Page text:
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by Denise Rosch

Lt. Joey Quidachay is used to managing large groups inside the Clark County Detention Center.

“When we cross this threshold there is no more joking,” he says. “When you get in this elevator you will not talk, three across facing the rear.”

But not quite like this.

On Thursday, two dozen students from Gunderson Middle School were given a tour of what life behind bars can look like.

“There’s a distinct noise when that door shuts that’s the last thing you hear,” says Quidachay.

The students are part of LEEAP, Law Enforcement Empowerment and Athletic Program.

Metro police providing mentoring inside 13 local schools.

This is the first time they’ve left campus for a field trip.

“It’s not D.A.R.E. it’s not a Scared Straight program. It’s not we’re the big bad police and you need to do what we say,” says Sgt. Matt Kovacich. “It’s more of a positive interaction where you can speak with the kids, see what’s troubling them.”

The program is one solution to a growing societal problem of young teens finding themselves charged with adult crimes.

A recent example is 18-year-old Jesus Ayala and Jzamir Keys who are accused of murdering a local bicyclist.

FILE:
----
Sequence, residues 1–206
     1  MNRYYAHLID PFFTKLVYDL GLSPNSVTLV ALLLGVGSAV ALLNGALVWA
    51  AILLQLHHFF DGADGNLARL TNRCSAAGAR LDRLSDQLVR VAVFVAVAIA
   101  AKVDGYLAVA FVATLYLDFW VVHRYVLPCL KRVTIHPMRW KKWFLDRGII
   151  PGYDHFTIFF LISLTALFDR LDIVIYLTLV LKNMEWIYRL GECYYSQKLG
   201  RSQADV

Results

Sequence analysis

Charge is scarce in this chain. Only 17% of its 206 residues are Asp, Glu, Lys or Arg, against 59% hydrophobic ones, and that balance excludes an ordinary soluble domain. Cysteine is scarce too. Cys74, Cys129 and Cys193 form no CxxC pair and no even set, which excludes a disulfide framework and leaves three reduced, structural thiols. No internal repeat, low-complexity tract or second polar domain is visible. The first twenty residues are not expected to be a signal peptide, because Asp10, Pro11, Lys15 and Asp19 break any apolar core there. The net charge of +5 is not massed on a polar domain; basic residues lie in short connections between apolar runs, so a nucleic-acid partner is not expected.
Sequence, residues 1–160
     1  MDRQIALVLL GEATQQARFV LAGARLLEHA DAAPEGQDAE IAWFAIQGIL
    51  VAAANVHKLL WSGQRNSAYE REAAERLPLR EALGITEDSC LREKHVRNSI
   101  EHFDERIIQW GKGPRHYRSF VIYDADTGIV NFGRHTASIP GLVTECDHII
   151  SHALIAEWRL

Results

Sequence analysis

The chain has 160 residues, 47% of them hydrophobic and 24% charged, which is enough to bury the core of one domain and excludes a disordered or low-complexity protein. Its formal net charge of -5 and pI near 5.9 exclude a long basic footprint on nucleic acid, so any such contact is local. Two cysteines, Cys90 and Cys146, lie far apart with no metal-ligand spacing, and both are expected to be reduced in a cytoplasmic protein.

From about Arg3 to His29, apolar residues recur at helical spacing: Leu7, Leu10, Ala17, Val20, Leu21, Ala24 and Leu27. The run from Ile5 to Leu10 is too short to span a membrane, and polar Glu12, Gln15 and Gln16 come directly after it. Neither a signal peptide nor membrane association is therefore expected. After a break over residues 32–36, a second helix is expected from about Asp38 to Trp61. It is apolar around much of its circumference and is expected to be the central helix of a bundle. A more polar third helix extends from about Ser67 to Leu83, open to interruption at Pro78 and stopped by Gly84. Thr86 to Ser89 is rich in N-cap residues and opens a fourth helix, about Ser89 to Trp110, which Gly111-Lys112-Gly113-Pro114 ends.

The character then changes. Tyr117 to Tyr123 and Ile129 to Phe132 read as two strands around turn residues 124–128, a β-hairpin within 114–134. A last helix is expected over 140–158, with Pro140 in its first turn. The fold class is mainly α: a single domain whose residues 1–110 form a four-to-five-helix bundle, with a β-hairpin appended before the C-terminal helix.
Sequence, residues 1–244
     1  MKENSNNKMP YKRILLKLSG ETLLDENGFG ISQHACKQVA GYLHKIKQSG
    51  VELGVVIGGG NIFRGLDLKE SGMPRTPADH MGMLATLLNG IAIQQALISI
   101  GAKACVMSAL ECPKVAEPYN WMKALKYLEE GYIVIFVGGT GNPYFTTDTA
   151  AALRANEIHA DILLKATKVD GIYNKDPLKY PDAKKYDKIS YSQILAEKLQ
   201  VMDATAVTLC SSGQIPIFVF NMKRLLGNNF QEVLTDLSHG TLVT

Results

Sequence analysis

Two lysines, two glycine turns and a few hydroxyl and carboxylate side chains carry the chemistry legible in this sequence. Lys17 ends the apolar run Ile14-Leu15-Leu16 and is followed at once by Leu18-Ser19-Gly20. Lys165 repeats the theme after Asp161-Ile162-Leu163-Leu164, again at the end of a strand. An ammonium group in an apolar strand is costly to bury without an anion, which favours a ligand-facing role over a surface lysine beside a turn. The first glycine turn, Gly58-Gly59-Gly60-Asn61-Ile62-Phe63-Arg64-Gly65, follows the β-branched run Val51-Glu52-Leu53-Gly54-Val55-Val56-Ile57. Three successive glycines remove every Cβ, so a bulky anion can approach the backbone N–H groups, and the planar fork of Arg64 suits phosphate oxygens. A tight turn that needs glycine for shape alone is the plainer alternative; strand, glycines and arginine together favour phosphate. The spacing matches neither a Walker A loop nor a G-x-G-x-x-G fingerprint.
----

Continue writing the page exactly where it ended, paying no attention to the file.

Jon Ponder with the nonprofit Hope For Prisoners says good decisions begin with the people you choose as friends.

“If you talk to the men and women who are incarcerated right now that’s what the trend is,” he says. “They started doing things when they were 12,13,14 years old and it spiraled out of control from there.”

Just ask Graham Miller.

An ex-felon who tells the kids his biggest mistake was not listening to his mother and grandmother.

“It’s all because of the people I associated myself with. My home boys, my home girls,” says Graham. “I spent most of my juvenile life locked up. In and out. My mom would tell you that was my second home.”

Back on the tour students are shown a holding cell where the water fountain and toilet are one and the same.

One young man was seen cringing at the sound of a flush.

“You’re doing everything in here right?” says Lt. Quidachay.

Want toilet paper? Quidachay says you’ll need to ask the biggest guy in the cell who’s probably using it as a pillow.

“Those are unwritten rules,” he explains. “Don’t have to worry about those rules if you stay out of this place.”

Eighth graders Janiya Pinkard and Keegan Besser promise they will.

“At first I was like what did I set myself up for you know what I mean?” says Pinkard. “But I had a really good time seeing what I don’t want to do with my life.”

“It’s not what people would expect,” adds Besser. “You think it’s like the movies, it is not. Walking in there it was so nerve-wracking.”

And one major takeaway for the students is the complete lack of privacy.

Seventy-four inmates per dorm.

Constantly told what do to, and when to do it.

“At 10:59 every night you’re going to read, write, or sleep,” says Quidachay. “Those are your only options, no looking at your phones.”

Call it a dose of reality.

Seeing what can happen when actions have consequences.